Debate still exists as to the management of secondary choledocholithiasis. Gallstone-related disease represents a large proportion of elective and emergency work of most general surgical units in Australia. Therefore, efficient and effective treatment of this condition would have a significant bearing on the general surgical workload as well as health care economics. Currently ERCP is the mainstay of treatment of secondary choledocholithiasis. Secondary choledocholithiasis being the migration of gallstones from the gallbladder into the common bile duct. Published reports have shown that there is a subset of patients that re-present with primary choledocholithiasis with a rate as high as 14%1, a situation where bile duct stones form primarily in the common bile duct. The morbidity from recurrent primary choledocholithiasis can be significant with repeated bouts of cholangitis, scarring and fibrosis of the tissues around the bile duct and the eventual need for biliary bypass procedures.

The Hepato-Pancreato-Biliary (HPB) Unit at the Northern Hospital, Victoria, Australia had adopted a strategy to treat CBD stones laparoscopically in the first instance. This has been borne out from the findings of the ERCP data published from the same institution with a recurrent CBD stone rate of 8.9%2. The postulation is that there is benefit from preserving the sphincter of Oddi as biliary reflux and bacterial contamination of the biliary tree forms a nidus for CBD stone re-formation. This has been demonstrated in several studies3. Our paper outlines the data from the cohort of patients who had choledochoscopic bile duct exploration (CBDE), at time of laparoscopic cholecystectomy, for choledocholithiasis at the Northern Hospital. Results were compared to a historical cohort of ERCP patients in the same institution.


This is a retrospective, single-centre, observational study. All patients who had CBDE from 2009 to 2014 at the Northern Hospital, Victoria, Australia, were included. This study was approved by the Northern Health Human Research and Ethics Committee. Data collection and analysis were done in accordance with the local guidelines at The Northern Hospital. Patients consents were deemed unnecessary by the research and ethics committee given the nature of the study (retrospective analysis “audit” of de-identified patients).

The primary population for analysis was gathered from a prospectively maintained electronic patient registry. The initial search was conducted using the Medicare Benefits Scheme (MBS) of Medicare Australia, item number for cholecystectomy (30,445). Further information was then obtained from scanned patient files accessible via Clinical Patient Folder Software (Infomedix©, Melbourne, Australia). Examination of patient operation reports from their index admission for cholecystectomy was performed to identify patients who underwent CBDE. Discharge summaries were studied to highlight complications associated with CBDE and all subsequent readmissions were examined for secondary complications or stone recurrence.

Data was gathered by three clinicians (YA, TT, IR). Primary outcomes studied were stone clearance rate and stone recurrence rate. Secondary outcomes analysed were complications, post procedure ERCP, and length of procedure. For the CBDE group, this study has used a cut off of 6 months post cholecystectomy to define primary choledocholithiasis4. The data on ERCP was collected from a previously published paper2 where retrospective data was collected from a prospectively maintained ERCP database from patients who had the procedure between 1998 and 2012. Common bile duct stone recurrence was defined as documented imaging of bile duct stones 6 months after the index admission and clearance4, with follow up period up to 31 December 2017 for both these cohorts.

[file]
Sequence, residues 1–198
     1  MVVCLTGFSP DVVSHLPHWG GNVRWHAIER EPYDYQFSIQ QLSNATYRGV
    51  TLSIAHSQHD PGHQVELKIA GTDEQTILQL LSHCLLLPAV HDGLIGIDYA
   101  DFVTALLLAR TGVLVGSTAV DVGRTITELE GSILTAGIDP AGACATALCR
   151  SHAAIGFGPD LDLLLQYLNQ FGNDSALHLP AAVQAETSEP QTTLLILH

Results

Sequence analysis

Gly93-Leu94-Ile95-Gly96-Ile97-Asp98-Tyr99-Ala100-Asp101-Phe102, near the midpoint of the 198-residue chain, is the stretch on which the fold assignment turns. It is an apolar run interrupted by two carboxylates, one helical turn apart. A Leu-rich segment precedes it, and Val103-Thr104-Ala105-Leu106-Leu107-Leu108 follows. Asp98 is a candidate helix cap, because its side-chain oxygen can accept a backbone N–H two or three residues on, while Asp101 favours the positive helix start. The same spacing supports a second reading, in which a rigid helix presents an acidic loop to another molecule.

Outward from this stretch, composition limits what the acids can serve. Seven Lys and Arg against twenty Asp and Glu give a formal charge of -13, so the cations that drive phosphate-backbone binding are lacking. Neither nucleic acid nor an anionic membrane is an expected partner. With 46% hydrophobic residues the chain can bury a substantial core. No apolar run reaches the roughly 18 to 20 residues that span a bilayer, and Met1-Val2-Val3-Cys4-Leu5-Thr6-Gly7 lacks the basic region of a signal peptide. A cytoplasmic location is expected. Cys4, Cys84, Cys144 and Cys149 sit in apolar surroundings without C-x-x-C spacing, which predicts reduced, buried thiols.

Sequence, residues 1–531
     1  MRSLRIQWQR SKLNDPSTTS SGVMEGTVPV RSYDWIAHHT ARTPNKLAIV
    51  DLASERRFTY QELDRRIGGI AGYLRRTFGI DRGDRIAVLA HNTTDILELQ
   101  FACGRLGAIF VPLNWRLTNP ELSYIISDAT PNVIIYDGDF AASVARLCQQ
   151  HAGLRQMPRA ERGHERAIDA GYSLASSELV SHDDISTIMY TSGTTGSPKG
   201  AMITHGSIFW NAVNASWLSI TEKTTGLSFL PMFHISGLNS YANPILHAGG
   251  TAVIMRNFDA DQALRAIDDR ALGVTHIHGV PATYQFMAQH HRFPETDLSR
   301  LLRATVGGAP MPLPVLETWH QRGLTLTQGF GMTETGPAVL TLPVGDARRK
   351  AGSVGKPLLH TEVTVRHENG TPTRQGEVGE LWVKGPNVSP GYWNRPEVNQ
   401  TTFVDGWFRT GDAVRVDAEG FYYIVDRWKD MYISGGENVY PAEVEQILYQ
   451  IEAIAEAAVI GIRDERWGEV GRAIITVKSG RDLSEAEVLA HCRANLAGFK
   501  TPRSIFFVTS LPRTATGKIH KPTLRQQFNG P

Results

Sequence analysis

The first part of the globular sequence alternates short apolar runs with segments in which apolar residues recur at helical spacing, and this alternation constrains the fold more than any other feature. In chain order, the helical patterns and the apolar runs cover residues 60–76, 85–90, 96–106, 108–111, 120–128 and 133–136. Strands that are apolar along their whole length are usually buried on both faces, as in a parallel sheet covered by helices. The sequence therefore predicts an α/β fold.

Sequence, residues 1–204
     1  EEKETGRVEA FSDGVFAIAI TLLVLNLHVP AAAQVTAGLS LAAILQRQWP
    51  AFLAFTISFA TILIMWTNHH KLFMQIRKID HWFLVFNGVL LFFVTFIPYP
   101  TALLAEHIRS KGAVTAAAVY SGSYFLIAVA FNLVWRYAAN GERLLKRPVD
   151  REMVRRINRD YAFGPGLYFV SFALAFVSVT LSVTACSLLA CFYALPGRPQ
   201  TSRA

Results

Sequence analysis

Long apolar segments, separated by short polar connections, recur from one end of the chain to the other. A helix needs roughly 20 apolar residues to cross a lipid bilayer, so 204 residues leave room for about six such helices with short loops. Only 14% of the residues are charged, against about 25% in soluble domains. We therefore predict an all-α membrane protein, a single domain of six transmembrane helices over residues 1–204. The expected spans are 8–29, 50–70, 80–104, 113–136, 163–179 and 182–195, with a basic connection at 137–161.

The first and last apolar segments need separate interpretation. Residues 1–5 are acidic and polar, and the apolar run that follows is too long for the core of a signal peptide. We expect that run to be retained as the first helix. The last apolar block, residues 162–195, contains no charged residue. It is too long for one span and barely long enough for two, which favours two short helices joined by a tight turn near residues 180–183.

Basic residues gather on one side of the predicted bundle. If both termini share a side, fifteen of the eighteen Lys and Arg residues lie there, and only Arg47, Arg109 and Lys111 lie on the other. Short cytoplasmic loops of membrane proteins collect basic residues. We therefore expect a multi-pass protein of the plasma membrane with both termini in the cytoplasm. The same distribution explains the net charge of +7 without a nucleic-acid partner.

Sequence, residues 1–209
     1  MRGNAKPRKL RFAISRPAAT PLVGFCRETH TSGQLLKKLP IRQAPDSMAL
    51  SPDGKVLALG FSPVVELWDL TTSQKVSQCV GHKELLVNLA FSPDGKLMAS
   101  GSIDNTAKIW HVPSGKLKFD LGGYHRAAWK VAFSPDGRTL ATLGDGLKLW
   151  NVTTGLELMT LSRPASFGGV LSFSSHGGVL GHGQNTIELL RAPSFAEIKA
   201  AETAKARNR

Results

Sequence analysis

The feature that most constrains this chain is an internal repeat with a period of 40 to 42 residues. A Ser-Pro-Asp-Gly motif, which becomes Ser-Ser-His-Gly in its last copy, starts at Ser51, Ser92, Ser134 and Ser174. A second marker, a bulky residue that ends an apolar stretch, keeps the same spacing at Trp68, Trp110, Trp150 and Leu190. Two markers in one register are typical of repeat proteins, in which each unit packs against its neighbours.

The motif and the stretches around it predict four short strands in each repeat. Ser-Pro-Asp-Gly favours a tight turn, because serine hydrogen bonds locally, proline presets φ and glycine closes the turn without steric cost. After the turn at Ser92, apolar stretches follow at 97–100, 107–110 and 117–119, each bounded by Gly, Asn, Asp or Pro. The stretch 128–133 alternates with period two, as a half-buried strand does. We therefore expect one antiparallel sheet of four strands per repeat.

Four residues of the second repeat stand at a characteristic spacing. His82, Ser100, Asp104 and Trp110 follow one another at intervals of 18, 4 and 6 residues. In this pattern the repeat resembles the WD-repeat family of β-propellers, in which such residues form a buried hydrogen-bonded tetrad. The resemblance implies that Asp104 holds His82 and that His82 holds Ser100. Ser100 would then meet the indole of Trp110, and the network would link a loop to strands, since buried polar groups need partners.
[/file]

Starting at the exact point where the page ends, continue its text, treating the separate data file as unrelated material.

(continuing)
Operative technique of laparoscopic cholecystectomy and choledochoscopic bile duct exploration (CBDE)

Instruments for CBDE used included the Olympus® 3 mm or 5 mm choledochoscope (Olympus, Tokyo, Japan) and Nitinol® stone retrieval basket (1.5F, 1.7F, and 1.9F) (Boston Scientific, Boston, USA). All cases of CBDE were performed by consultant surgeons (DB, TM, TY, BL, NH) or by trainees under direct supervision of the operating surgeon.

The operation commenced as per a routine laparoscopic cholecystectomy. The cystic duct and cystic artery are dissected in Calot’s triangle to obtain the critical view of Strasbourg. A cystic duct opening is then made with a laparoscopic scissors for cannulation with a catheter for cholangiography. Once choledocholithiasis is confirmed, the operating room is set up as per (Fig. 1). The diameter of the cystic duct is then assessed at this point and a decision is made if the 3 mm or 5 mm choledochoscope is utilized for cannulation.

Figure 1
figure 1

Theatre setup.

Cannulation of the cystic duct stump with the choledochoscope is performed through either an extra 5 mm port just under the right subcostal margin or with one of the existing working ports. Once in the common bile duct (CBD), the choledochoscope will be pushed distally towards the ampulla. If this step is difficult, then a Jagwire (Boston Scientific) is passed first through a cholangiogram catheter to facilitate passage of choledochoscope as a (Seldinger) technique. Once the stone(s) identified, it will be captured and removed using a Nitinol 1.5F, 1.7F or 1.9F basket, passed down through the working channel of the choledochoscope.

Check choledochoscopy upstream and downstream from site of cannulation of CBD was performed at the end of the exploration to rule out the presence of retained stones. If check choledochoscopy was not feasible, especially upstream, then an operative cholangiogram was performed to verify duct clearance. The use of internal biliary stent and post-operative drain tube were utilized at the discretion of the surgeon. An example of trans-cystic pre-exploration cholangiogram (Fig. 2) and post exploration cholangiogram (Fig. 3) is shown below. In a minority of cases, Nathanson’s trans-cystic bile duct basket (Cook Medical, Bloomington, Indiana, United States) was employed. These were excluded from the study.